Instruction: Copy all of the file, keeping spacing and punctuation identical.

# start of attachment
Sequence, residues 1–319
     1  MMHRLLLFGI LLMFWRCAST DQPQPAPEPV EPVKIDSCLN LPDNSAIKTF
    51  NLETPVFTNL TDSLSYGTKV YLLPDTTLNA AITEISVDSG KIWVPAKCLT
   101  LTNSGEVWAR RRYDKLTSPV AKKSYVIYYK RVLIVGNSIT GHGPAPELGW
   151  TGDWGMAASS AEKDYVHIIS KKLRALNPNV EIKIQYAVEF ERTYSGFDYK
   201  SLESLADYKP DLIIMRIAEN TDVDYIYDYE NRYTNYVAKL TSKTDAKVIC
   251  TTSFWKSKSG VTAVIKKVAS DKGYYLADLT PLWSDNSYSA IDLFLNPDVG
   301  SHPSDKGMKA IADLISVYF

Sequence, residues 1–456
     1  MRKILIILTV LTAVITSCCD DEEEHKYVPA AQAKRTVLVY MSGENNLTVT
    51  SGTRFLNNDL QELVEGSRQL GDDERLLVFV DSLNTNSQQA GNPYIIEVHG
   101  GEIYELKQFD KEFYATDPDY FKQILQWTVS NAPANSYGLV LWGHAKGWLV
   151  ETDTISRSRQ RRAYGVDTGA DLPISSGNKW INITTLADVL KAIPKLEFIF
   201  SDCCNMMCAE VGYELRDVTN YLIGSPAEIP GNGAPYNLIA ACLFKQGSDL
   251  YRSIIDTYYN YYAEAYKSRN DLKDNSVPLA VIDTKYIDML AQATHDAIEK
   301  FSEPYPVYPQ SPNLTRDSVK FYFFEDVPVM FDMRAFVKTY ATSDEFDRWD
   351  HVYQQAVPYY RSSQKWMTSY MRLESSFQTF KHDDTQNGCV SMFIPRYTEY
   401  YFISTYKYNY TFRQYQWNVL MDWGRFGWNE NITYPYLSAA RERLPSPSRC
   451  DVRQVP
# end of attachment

Sequence, residues 1–319
     1  MMHRLLLFGI LLMFWRCAST DQPQPAPEPV EPVKIDSCLN LPDNSAIKTF
    51  NLETPVFTNL TDSLSYGTKV YLLPDTTLNA AITEISVDSG KIWVPAKCLT
   101  LTNSGEVWAR RRYDKLTSPV AKKSYVIYYK RVLIVGNSIT GHGPAPELGW
   151  TGDWGMAASS AEKDYVHIIS KKLRALNPNV EIKIQYAVEF ERTYSGFDYK
   201  SLESLADYKP DLIIMRIAEN TDVDYIYDYE NRYTNYVAKL TSKTDAKVIC
   251  TTSFWKSKSG VTAVIKKVAS DKGYYLADLT PLWSDNSYSA IDLFLNPDVG
   301  SHPSDKGMKA IADLISVYF

Sequence, residues 1–456
     1  MRKILIILTV LTAVITSCCD DEEEHKYVPA AQAKRTVLVY MSGENNLTVT
    51  SGTRFLNNDL QELVEGSRQL GDDERLLVFV DSLNTNSQQA GNPYIIEVHG
   101  GEIYELKQFD KEFYATDPDY FKQILQWTVS NAPANSYGLV LWGHAKGWLV
   151  ETDTISRSRQ RRAYGVDTGA DLPISSGNKW INITTLADVL KAIPKLEFIF
   201  SDCCNMMCAE VGYELRDVTN YLIGSPAEIP GNGAPYNLIA ACLFKQGSDL
   251  YRSIIDTYYN YYAEAYKSRN DLKDNSVPLA VIDTKYIDML AQATHDAIEK
   301  FSEPYPVYPQ SPNLTRDSVK FYFFEDVPVM FDMRAFVKTY ATSDEFDRWD
   351  HVYQQAVPYY RSSQKWMTSY MRLESSFQTF KHDDTQNGCV SMFIPRYTEY
   401  YFISTYKYNY TFRQYQWNVL MDWGRFGWNE NITYPYLSAA RERLPSPSRC
   451  DVRQVP